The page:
After failing in its efforts to destroy the Revolution, the U.S. is resorting to new methods in its battle to change the course Cuba sovereignly chose long ago
On January 13, Cuban television once again denounced a number of actions that are part of the so-called soft coup strategy the U.S. government is attempting to implement in our country.
After having failed for decades in its efforts to destroy the Revolution, the northern neighbor is resorting to new methods in its obsessive fixation on changing the course that Cuba sovereignly chose long ago.
Nonetheless, as President Miguel Díaz-Canel Bermúdez recently commented on his Twitter account, this is “an old imported script with new actors.”
The television program referred to an article published on the Cubadebate website by the young media analyst Javier Gómez Sánchez, under the title “The ideologues of the soft coup: Open Society in Cuba and the Counterrevolutionary Articulation.”
The text points out, “The aggressiveness shown during the Donald Trump administration’s term in office, and the positioning of a discourse against the Revolution, by intentionally repulsive media actors, were part of the plan and not an accident apart. A counterrevolution that comes across as irrational and disgusting is being promoted, in contrast to which the neo-counterrevolution can be presented as an alternative, and seen by Cubans as something preferable.”
Within this worn out counterrevolution, with no agenda of its own, violent and without social roots, characters such as Berta Soler and José Daniel Ferrer are known actors. The former is an individual with a long history of provocations backed by money from the Cuban American National Foundation in Florida. The television program notes that the lack of effectiveness of her efforts has taken its toll, and the funding she receives has been reduced. She has even been accused of using the money to cover personal expenses and not to wage an alleged “Cuban cause.”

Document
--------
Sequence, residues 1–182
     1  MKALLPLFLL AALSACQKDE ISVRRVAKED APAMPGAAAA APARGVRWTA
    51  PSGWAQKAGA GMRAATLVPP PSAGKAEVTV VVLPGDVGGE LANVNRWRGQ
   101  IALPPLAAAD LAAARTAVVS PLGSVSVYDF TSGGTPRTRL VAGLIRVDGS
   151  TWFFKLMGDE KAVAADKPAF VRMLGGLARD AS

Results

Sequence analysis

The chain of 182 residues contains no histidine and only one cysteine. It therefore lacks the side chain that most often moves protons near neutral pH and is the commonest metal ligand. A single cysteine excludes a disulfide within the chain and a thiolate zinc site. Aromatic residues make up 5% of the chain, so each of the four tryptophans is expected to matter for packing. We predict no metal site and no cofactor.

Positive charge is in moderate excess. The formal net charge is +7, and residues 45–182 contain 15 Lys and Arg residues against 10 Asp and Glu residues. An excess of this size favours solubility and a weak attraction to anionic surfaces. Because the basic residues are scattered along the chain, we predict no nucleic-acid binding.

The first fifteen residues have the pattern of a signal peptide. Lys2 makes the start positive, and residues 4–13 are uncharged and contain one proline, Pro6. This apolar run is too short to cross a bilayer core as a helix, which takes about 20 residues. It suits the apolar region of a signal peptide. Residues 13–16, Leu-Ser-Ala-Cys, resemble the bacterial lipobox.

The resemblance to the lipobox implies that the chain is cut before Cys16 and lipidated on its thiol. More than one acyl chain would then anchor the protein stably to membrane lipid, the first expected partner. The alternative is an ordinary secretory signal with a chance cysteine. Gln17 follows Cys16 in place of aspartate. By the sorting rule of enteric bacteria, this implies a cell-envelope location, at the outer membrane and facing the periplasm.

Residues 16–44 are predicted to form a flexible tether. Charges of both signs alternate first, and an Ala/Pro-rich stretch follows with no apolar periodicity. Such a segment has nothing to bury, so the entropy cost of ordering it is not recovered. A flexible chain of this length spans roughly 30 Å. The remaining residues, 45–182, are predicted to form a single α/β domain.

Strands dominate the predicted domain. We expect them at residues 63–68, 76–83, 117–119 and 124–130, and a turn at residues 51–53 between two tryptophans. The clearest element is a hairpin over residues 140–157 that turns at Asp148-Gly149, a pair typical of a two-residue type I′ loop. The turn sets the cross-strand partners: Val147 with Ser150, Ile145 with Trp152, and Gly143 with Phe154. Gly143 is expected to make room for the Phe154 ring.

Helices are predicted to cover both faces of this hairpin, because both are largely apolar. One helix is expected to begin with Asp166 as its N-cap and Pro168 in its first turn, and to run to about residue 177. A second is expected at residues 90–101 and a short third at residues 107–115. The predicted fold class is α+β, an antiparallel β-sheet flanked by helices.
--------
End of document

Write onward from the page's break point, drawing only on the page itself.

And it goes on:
Ferrer could be defined as a common criminal, with a long police record, promoter of counter-revolutionary actions, a supposed leader fabricated to attract international recognition. The Cuban people will surely remember a video, broadcast some time ago, showing him repeatedly banging his own head on a table, to later accuse an Interior Ministry officer of assaulting him.
In the same vein, other characters associated with this marginal, violent section of the counterrevolution include such figures as Luis Manuel Otero, who has devoted himself to creating grotesque pseudo-artistic works, desecrating revolutionary values and patriotic symbols, bordering again and again on illegality.
The Cuban television news program reports that also among these small-time “actors” is Maykel Osorbo, who is constantly calling for violence, disrespect and disorder on social media, even advocating a U.S. invasion of Cuba.
Likewise, Denis Solis, whose aggressive and socially reprehensible conduct led to his conviction and imprisonment for contempt of authority, has positioned himself as the center of efforts to mobilize sentiment against supposed repression in the San Isidro farce.
Outside Cuba, the counterrevolution is managed by other individuals. During the Trump administration, their actions in the United States were carried out with the complicity, or at least silence, of authorities in that country. Yamila Betancourt, for example, is a promoter of terrorism in Cuba, openly paying for vandalism on the island, using social networks to call for crude, disrespectful acts.